keyframe is sent as part of the broadcast, and all of the data after that keyframe is
relative to it. The benefit of this is that the compressor only needs to send what has
changed since the last keyframe. The main drawback of this is that over time it
becomes harder for the encoder to distinguish the frame-difference information,
especially if there is a lot of motion in the video. Another drawback is if your
viewer’s computer misses a keyframe, the video is distorted until the next keyframe
is sent. However, you can control how often the encoder makes a new keyframe by
setting the number of frames. The more keyframes you broadcast, the more
bandwidth required and less compression, but results in better quality video.
11. Check (optionally) the Timecode Every checkbox and enter the number of frames
between timecodes. Wirecast can generate a timecodes embedded in the flash
stream. If a frames value of zero is entered, the timecode is never sent. Wirecast
sends meta data along with the frames. This data looks like an ONFi call. Various
timecodes and timestamps are also sent with the stream.
12. Check (optionally) the Audio Encoding (MP3) checkbox. When checked, the audio
for your broadcast is included. When unchecked, audio is absent. This is the
preferred method of producing video-only broadcasts because the presence of
silent audio uses bandwidth.
13. Select the number of channels: Mono or Stereo. Mono uses less bandwidth than
stereo, but stereo is more pleasing to the listener.
14. Select the audio bit rate, in Kbits (1000 bits) per second, from the Target Bit Rate
menu. This is the target bit rate of your audio. Higher numbers provide better
quality. The connection speed of your audience is a significant factor in
determining your target bit rate. The encoder compresses the audio to
approximate this target. However, at different times during your broadcast the bit
rate may be higher lower than the target rate. The total broadcast bit rate is a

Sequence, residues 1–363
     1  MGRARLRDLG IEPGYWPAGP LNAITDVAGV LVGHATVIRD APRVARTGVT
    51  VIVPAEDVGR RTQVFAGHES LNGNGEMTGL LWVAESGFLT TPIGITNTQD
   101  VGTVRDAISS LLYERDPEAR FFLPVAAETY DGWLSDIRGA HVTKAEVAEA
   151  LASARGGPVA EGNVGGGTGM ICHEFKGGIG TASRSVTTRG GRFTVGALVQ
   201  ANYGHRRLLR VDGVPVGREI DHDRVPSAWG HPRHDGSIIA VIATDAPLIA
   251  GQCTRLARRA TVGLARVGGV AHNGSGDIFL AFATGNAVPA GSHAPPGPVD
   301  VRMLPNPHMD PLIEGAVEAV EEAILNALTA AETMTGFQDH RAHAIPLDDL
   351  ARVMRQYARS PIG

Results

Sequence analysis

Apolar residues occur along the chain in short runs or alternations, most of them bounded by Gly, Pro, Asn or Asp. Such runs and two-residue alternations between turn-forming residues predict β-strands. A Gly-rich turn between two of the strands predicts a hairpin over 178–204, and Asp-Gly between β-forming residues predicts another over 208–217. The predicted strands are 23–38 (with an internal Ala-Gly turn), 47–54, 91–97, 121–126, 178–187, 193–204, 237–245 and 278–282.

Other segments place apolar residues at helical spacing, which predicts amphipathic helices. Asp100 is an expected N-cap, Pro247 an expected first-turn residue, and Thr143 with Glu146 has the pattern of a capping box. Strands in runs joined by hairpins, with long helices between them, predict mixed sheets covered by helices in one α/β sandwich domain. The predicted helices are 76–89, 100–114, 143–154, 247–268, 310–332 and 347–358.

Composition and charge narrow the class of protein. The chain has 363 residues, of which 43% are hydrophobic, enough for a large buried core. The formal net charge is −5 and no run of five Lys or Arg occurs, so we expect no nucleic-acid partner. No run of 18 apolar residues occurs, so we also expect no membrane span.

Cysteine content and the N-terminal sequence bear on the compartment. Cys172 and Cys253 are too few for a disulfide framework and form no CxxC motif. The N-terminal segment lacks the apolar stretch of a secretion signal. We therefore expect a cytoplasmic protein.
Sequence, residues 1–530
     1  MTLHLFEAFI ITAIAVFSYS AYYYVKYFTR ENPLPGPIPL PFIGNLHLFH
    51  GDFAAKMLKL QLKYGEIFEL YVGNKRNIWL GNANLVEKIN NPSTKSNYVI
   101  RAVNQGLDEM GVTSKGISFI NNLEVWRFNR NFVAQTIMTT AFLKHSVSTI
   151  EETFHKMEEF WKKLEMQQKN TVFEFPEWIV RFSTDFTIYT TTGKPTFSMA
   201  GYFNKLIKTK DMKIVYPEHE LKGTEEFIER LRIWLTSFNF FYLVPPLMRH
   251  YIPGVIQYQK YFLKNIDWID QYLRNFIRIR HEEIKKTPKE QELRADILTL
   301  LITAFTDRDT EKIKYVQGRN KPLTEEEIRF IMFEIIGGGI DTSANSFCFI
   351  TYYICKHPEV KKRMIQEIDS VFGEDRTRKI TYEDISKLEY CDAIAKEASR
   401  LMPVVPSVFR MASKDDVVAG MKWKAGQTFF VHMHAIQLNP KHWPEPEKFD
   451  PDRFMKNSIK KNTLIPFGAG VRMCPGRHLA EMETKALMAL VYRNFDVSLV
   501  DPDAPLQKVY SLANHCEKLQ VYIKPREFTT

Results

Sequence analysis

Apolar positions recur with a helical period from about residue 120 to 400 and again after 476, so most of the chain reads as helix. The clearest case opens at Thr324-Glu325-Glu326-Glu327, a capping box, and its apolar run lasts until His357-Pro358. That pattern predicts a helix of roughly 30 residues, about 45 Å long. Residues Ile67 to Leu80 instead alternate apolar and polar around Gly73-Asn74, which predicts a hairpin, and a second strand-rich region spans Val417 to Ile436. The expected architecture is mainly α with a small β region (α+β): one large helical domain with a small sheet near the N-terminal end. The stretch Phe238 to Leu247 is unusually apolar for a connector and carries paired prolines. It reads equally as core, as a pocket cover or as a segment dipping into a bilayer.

function of video bit rate plus audio bit rate.
15. Select the audio sample rate, in kHz (1000 Hz) per second, from the Sample Rate
menu. This value specifies how many thousands of times per second to sample the
audio in the broadcast. Higher values provide better quality sound, but at greater
bandwidth.
16. Click Save to save your settings.
Setting Encoder Presets
Flash VP6
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109
Using the Asset
Manager
Introduction
The Asset Manager is used to change the sources of media in your document.
Topics
 Documents
 Re-assigning Media
Documents
Wirecast stores a path to your media in the Wirecast document. If you relocate your
media, Wirecast no longer is able to find them. In this case, use the Asset Manager to
reassign the new media locations. However, Wirecast does keep track of the relative
path to your media. If you move both the document and media to a new position,
Wirecast still finds the media.
Re-assigning Media
To reassign media, follow these steps:
1. To open the Asset Manager, select Show Asset Manager from the Wirecast Media
menu.
2. Select the media you want to assign to another source.
3. Some media assets (i.e cameras) enable you to set the aspect ratio by displaying a